Coke Takes Neutral Stance on Olympic Protests
This is probably not the marketing opportunity the Coca-Cola Co. hoped
to get for the estimated $75 million to $90 million it paid to be
a global sponsor of the Olympics and one of three sponsors of the
torch relay. But as the 2008 Beijing Summer Games approach, Coca-Cola
has been drawn into a volatile situation.
These Olympics offer a chance to win over 1.3 billion Chinese consumers.
But the association with China, with its reputation for human rights
abuses, also threatens to tarnish the Coke brand, built for more than
a century on an association with positive events big and small.
Coke's reaction to the turmoil has been delivered in carefully worded,
politically neutral statements. The company has started a dialogue
with human rights groups opposed to China's control over Tibet. Coke
also has met privately with human rights groups focused on strife
in Darfur, located in an African nation with close ties to China.
Last year, before the public protests began, Coke pledged millions
of dollars in humanitarian aid for Darfur.
The torch run controversy has sapped Coke's ability to turn the event
into a marketing blitz, said John Bevilaqua, a former Coke and Olympic
communications executive who's now head of Atlanta-based Creative
"This is a situation that they're not happy about," Bevilaqua said.
"But believe me, this is just a temporary storm that they'll have
Others caution the storm is just forming. Coke is inviting continued
attacks if it stays quiet, said Paul Argenti, a corporate communications
professor at Dartmouth's Tuck School of Business. At least one major
activist group already tagged the Beijing Games the "Genocide Olympics"
and said it will picket headquarters of Olympic sponsors if they do
not step up pressure on China.
"They're [Coke] setting the bait for an NGO [non-governmental organization]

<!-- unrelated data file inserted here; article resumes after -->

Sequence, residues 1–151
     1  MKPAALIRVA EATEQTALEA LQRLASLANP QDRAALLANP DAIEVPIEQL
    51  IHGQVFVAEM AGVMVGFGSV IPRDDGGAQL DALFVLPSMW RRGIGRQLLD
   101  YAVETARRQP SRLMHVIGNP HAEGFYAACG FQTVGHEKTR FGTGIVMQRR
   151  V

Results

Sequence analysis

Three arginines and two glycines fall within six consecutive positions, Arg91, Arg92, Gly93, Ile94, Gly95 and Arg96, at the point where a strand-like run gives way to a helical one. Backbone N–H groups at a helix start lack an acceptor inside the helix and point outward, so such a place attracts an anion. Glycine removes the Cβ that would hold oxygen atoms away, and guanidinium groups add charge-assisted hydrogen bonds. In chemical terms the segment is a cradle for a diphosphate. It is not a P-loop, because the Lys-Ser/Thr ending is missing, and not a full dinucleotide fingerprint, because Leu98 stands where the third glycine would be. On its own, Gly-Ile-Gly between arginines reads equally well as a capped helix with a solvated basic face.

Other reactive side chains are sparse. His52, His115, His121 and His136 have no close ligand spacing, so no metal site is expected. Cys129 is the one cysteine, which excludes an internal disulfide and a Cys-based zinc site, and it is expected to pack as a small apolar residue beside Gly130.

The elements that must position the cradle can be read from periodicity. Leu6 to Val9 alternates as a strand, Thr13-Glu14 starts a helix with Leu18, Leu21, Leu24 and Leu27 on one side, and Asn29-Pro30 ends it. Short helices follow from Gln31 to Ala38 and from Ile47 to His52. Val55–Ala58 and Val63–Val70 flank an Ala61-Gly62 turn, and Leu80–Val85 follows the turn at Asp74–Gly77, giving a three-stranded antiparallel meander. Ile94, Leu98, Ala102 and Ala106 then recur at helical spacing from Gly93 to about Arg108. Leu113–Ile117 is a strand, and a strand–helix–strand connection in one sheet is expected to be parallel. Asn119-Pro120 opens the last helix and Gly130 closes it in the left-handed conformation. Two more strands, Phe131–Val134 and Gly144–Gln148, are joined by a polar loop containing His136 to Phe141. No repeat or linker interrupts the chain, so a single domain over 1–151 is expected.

to come in and say, 'Yes, you will take a point of view,'" Argenti
said. "You can choose to be apolitical, but then we will paint you
as a monster in the court of public opinion."
Coke has been planning its Olympics marketing strategy for years.
At an analyst conference earlier this year, president and chief operating
officer Muhtar Kent said he was convinced China would become Coke's
largest market in the "not too distant future." Nothing is more important
to China than the Summer Games, he said.
"We know that the Olympics are going to be a turning point for China,
its people, and a catalyst for our connection to these vibrant consumers,"
Raising the stakes
Coca-Cola, the longest-running Olympic sponsor, has been part of the
games since 1928, when it shipped U.S. athletes and 1,000 cases of
Coke to the Amsterdam Games.
The stakes for this year's Olympics, though, could be the highest
ever. China is Coke's fourth-largest market, behind the United States,
Mexico and Brazil, said John Sicher, editor and publisher of Beverage
Digest, a trade publication. Coke commands 55 percent of the China
soft-drink market to PepsiCo's 27 percent.
Per-capita soda consumption is about 25 times greater in the U.S.
than in China, leaving Coke and Pepsi with a potentially huge market.
"In terms of future growth, China is very important for both," Sicher